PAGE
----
Some teams measured velocity and chose either Team Happiness or Labour Efficiency Ratio (Gross Margin/ Direct Labour Cost) as a counter measure. Others are bogged down arguing over Velocity vs Value. These are totally different, and need to be treated so. That’s why one sits with the Scrum Master and the other with the Product Owner. It’s better to include both for a more balanced view n’est pas?
The same can be said regarding time vs story points for estimating. Oh lord, how we could have argued this point for a millennium! What is evident, is that both work for different teams. Rather than using Planning Poker and story points, hours can be just as effective in measuring velocity.
They are easily understood whereas estimating without time “adds added complexity and therefore inefficiencies”. Teams estimating using time (hours) also set clear guidelines. Example: individual tasks will not be longer than 3 days; Never take the optimal time always take the average estimate of the task.
I also learnt that an agile mindset compliments the original Toyota PDCA (plan–do–check–adjust). If you prefer to use time rather than story points, then it’s OK to do so. Maybe at one of the retrospectives, after some powerful insights and debates the team may decide to try story units, then again it may not.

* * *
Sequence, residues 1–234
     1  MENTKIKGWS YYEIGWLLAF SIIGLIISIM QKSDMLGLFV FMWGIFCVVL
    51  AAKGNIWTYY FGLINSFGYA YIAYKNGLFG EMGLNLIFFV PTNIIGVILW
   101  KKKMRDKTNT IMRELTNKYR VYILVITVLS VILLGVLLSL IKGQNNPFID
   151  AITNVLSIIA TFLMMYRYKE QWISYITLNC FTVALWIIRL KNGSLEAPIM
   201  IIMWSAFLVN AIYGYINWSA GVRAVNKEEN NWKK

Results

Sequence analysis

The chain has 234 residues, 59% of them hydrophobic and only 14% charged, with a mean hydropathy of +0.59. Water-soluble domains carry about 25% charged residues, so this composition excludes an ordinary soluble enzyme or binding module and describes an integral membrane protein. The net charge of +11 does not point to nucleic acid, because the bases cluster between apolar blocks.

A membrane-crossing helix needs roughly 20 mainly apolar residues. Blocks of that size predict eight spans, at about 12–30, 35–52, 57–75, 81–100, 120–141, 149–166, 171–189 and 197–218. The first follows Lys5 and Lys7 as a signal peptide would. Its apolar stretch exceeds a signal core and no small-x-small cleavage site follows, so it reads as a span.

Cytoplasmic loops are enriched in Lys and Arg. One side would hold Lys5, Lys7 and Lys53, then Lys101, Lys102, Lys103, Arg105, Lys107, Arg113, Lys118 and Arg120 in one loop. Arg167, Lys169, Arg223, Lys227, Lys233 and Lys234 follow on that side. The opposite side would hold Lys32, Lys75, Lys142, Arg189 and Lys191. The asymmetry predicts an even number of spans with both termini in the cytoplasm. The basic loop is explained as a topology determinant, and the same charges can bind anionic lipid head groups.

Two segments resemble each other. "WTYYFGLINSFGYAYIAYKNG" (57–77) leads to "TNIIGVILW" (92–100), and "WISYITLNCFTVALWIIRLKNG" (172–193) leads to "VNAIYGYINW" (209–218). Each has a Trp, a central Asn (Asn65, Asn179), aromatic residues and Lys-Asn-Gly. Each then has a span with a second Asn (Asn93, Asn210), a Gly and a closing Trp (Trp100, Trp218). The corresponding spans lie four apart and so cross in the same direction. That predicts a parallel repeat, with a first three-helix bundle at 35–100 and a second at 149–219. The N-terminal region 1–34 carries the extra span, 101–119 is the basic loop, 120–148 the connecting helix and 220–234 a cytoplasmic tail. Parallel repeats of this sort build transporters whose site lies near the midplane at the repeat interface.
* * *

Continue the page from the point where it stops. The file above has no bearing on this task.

It does not matter if you use velocity or not, what matters is the team has an agile mindset. Why? Because this means it is focused on providing customer value and is committed to continuously questioning their performance.
I also validated my long standing belief that a team that relies on multiple metrics and a balanced perspective of their world will over time achieve greatness as it iteratively learns and matures.
Personally, I favour velocity as part of a balanced KPI scorecard because it continuously challenges me or my clients, who are mostly CEOs, to find ways to be better and smarter in delivering value to our clients.
Peter Drucker, once said ‘there is nothing so useless as doing efficiently that which should not be done at all’
He also said ‘…the purpose of business is to create a customer…’.
If you keep these two quotes to heart then you will be more likely to be on track to create an agile mindset within your organization, without it you ain’t going to sustain agile, nor continuously evolve and ultimately your customers will find someone else to employ to get their job done faster, better.
Are you looking to improve your company’s performance using Agile?
Would you like to find out more…?
Join me at our biweekly meetups in Dubai, share your experience, see what other teams are doing, or just come in and argue your preferred perspective on the rapidly evolving world that is Agile! Register for the next upcoming meetup at http://www.meetup.com/Lean-and-Agile-ME-Dubai-Chapter/